9. The one about attending work meetings only to have the men shout her opinions down, until she finally walked in dressed as a man and said "Now will you listen to what I have to say?"
  10. The one about the female boss who insisted she leave her son for three months and stay in a hotel for a work assignment, even though the work could have been done at home.
Is copying men the best response to sexism? Jezebel (April 5, 2013) quotes from a Vulture magazine interview of actress Elisabeth Moss, who plays Peggy Olson from Mad Men, in "A Different Kind of Feminist." 

Olson's character seems to think so. She is at the bottom of the advertising food chain but determined to reach the top. She doesn't want to talk, she wants to do, says Moss:

"She's the one who works really hard, and concentrates on her job, and wants to move up in the world of her business." 

But part of her career path is about emulating the dark side: 

"She, I think, is trying her hand at being Don. I think that's all she knows. That has been her image of leadership."

The hopeful part of the interview, and of the character, is where Moss speculates that Olson will turn about better than her sexist boss:

"Her journey is about discovering how to be her own style of leadership, her own style of management. And I think that she as herself, as Peggy, if she can find that, she will be a much better boss than Don. Because she has a positivity, she has a sensitivity; she’s a woman, and I think that that makes a difference."

Is Moss right? I don't know. Gender difference is an elusive thing. Generally people struggle to survive. Often we mistreat each other, regardless of what category we are or the other person falls into.

One thing I do know is that women's voices are not heard enough. The issues we face are not figured out yet. The home responsibilities, that really are valuable work and are a full-time job on their own, are not treated as such. The inequities are not talked about because it makes us look bad to talk about them. 

Until we can have a real dialogue about the persistent and subtle forms of sexism that exist even today, women aren't really free. It's just an illusion.

Misc. Lessons - April 10, 2013: Emotional & Rational Intelligence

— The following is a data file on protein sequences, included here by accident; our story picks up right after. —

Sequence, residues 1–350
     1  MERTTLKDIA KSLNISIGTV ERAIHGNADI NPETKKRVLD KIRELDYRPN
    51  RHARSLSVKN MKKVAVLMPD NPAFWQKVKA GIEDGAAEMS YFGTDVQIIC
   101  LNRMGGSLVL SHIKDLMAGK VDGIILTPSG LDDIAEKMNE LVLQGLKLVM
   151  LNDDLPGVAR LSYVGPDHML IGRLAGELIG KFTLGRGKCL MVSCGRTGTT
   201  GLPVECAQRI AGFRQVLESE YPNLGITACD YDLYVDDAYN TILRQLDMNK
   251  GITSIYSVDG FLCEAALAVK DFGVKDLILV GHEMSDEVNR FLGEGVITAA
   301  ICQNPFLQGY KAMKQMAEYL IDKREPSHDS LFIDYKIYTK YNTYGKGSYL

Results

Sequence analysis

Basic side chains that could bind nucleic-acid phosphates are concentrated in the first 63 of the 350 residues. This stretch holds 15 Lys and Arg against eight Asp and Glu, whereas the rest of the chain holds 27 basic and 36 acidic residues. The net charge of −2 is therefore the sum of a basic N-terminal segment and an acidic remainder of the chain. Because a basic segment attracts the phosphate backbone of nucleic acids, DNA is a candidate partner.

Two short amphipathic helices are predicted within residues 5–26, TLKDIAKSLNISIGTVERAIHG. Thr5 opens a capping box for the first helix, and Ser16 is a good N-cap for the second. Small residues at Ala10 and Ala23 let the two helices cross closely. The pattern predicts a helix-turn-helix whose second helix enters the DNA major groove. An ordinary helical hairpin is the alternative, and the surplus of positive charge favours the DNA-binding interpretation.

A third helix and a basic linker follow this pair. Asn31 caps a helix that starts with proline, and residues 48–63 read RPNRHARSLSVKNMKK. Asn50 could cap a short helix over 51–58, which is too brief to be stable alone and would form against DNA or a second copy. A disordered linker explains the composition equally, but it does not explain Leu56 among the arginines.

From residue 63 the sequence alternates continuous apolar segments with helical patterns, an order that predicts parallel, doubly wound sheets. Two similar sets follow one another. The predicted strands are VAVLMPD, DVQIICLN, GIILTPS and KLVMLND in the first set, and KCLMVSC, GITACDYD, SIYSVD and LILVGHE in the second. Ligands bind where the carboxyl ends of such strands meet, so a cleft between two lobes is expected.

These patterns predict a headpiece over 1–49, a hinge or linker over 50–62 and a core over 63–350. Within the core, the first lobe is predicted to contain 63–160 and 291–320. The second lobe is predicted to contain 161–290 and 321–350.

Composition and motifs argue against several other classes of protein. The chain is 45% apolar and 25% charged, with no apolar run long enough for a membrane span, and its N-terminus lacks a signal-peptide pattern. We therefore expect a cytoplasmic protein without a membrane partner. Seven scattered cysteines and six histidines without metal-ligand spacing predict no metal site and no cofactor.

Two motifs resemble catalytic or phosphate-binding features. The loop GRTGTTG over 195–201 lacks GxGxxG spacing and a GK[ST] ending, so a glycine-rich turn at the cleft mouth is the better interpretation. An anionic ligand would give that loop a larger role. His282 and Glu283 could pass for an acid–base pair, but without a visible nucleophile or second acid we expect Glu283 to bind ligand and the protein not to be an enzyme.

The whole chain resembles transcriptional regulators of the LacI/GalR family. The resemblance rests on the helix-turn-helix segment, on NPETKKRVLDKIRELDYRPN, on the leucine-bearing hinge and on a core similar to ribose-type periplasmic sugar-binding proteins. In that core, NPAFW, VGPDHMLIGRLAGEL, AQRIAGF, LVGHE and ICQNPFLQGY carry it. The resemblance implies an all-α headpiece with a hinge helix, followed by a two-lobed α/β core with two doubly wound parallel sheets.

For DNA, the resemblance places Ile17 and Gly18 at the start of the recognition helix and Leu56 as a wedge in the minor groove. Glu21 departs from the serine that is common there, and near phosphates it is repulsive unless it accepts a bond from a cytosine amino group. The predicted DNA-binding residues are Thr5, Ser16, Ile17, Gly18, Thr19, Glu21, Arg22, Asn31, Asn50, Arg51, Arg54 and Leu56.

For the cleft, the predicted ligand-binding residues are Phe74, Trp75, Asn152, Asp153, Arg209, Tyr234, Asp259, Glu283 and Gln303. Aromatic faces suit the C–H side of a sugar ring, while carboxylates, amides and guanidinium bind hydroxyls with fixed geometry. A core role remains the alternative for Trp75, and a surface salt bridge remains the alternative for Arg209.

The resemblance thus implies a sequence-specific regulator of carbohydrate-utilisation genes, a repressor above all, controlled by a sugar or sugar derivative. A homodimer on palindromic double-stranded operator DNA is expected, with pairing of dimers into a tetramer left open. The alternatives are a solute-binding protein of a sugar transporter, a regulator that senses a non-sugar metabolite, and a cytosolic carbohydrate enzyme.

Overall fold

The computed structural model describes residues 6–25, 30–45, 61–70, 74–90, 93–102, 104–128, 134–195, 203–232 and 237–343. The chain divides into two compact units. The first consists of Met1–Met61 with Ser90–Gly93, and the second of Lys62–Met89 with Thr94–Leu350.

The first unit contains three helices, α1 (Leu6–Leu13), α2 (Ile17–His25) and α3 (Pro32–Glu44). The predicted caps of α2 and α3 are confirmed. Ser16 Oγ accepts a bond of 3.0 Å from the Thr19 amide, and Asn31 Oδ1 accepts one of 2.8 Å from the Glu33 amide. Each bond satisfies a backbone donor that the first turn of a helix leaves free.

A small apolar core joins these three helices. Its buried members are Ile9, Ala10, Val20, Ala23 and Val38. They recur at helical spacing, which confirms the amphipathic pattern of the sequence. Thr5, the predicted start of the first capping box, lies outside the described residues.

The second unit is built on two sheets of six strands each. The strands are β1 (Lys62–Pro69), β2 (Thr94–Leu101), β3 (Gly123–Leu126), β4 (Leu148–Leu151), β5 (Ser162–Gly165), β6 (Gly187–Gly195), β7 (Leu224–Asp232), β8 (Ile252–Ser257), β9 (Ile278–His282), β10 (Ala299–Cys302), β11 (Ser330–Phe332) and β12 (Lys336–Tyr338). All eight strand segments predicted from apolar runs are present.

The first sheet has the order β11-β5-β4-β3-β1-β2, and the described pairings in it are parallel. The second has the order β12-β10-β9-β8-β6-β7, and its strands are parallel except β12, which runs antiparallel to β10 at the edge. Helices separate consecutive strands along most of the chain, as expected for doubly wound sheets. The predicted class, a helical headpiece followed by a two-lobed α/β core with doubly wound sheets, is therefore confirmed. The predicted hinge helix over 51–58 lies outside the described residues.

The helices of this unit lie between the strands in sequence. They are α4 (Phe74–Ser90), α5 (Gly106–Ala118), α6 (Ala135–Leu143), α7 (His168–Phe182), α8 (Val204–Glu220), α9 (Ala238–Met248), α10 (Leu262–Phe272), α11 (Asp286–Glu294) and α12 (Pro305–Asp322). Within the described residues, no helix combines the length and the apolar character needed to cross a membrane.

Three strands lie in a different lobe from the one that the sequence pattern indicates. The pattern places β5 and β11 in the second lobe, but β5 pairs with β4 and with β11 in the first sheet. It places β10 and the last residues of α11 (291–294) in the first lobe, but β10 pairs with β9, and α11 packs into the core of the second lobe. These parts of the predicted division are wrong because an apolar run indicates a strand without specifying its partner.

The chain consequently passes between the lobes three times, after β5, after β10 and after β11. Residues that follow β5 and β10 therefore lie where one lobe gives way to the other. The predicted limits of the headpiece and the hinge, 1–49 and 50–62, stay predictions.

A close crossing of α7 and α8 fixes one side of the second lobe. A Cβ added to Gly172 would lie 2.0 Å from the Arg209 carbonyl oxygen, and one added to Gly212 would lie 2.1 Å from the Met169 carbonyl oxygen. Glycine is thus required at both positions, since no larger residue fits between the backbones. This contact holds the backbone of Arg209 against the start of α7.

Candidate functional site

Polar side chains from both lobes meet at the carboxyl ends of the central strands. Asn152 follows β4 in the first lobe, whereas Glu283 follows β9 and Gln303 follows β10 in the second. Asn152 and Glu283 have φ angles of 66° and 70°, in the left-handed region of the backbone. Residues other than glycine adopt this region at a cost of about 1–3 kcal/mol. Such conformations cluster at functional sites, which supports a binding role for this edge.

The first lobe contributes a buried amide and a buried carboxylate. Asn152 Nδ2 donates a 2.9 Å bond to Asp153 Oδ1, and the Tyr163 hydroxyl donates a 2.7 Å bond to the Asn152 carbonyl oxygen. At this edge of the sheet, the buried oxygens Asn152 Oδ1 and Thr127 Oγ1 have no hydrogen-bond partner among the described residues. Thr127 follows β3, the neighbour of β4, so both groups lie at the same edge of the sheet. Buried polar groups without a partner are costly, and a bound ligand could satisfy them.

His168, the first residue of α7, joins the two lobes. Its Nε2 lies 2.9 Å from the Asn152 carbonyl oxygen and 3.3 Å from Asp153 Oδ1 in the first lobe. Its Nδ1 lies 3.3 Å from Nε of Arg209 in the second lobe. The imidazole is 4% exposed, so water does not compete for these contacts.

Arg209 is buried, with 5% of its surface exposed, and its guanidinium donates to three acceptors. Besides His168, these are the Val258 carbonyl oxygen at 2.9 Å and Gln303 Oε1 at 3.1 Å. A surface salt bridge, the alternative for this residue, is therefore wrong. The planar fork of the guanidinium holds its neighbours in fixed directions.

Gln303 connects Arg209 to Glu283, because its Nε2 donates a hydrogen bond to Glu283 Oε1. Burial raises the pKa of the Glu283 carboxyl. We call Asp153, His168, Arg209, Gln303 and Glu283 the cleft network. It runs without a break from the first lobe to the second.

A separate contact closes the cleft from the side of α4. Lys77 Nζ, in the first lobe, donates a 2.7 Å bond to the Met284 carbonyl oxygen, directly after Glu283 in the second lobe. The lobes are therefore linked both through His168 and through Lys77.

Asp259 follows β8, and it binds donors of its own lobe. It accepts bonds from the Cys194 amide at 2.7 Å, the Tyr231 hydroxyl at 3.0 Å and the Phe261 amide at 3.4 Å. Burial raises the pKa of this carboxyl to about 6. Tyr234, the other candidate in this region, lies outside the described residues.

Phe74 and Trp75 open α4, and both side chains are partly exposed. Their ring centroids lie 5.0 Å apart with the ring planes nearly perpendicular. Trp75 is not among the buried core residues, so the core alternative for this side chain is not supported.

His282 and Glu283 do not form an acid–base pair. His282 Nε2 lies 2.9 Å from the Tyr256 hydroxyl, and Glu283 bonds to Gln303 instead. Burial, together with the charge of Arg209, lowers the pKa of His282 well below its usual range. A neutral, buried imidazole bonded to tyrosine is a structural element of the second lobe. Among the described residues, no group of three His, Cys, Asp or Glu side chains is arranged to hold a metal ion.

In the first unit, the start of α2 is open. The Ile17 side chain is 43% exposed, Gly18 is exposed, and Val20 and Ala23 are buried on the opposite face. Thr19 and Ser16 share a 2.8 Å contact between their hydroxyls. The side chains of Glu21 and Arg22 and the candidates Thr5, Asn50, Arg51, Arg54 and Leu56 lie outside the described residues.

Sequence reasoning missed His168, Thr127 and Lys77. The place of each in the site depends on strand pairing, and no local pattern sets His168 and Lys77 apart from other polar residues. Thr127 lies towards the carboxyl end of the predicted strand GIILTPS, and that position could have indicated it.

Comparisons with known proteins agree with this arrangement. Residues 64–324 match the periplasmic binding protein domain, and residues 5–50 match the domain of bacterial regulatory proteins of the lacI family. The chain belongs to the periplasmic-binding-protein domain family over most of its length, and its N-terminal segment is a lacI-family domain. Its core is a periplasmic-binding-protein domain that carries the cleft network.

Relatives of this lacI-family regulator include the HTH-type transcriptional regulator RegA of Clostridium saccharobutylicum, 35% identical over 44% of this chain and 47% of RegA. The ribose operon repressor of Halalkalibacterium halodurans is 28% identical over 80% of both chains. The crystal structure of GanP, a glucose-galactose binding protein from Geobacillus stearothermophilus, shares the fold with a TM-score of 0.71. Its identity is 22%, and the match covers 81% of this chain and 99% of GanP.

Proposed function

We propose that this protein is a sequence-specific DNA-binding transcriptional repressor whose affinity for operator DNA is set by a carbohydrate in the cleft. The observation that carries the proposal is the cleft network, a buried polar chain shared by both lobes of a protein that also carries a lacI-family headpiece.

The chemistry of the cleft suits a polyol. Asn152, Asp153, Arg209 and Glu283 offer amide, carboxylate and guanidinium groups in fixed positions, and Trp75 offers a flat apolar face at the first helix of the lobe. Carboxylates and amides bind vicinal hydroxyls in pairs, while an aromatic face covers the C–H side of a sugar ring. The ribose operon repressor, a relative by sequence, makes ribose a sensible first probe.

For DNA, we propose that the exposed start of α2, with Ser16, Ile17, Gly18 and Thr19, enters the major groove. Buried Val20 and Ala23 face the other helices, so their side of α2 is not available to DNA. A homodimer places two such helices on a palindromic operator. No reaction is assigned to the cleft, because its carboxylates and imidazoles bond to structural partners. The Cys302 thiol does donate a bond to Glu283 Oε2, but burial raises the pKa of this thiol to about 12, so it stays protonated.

* Don't fall for drama. Stay even-keeled.

* Don't jump to conclusions especially about others' intentions toward you. Ask directly if possible but not in an attacking way.

* Communication is symbolic as well as literal. Understand when your words and deeds may be misunderstood because of their symbolic value.

* Look at people's true intentions.

* Read interactions not just actions. Study the dynamic.

* There is no such thing as an unimportant detail. If something strikes you as off, it is.

* Respect the desire to not be bombarded with useless information. Offer value and don't make your listener sift the wheat from the chaff.

* Somebody stopped to help you today. Say thank you.

Big Data, Big Fear, Big Potential

Big Data can solve the world's problems, potentially.

--If we know how to feed and house and clothe the masses
--How to cure disease
--How to curb violence
--and so on, at low or no cost

Then we have the tools to bring the vision of global peace into reality.

But Big Data creates scary problems of its own.

--Who defines what the data is? This is the meaning of a thing - like "married couples" -- if same-sex marriage is legal then the data will be different than if only heterosexual couples are recognized.

--Who controls it? Is it the sheriff and his best friend who have access to the database? Are medical records shared with the police and the schools as part of your "Universal ID?"

--Will people be out of a job? When computers collect, process and spit out information sufficient to think for us, where will all the knowledge workers go? How will the resulting inequity of income and wealth affect the population as a whole? Will there be looting?

--Will political dissenters be targeted? Waves of ideology come and go. If I have in the database every vote you have cast, every donation you've made, and I am in power while you oppose me, what will I do to you and your family? Where are the controls?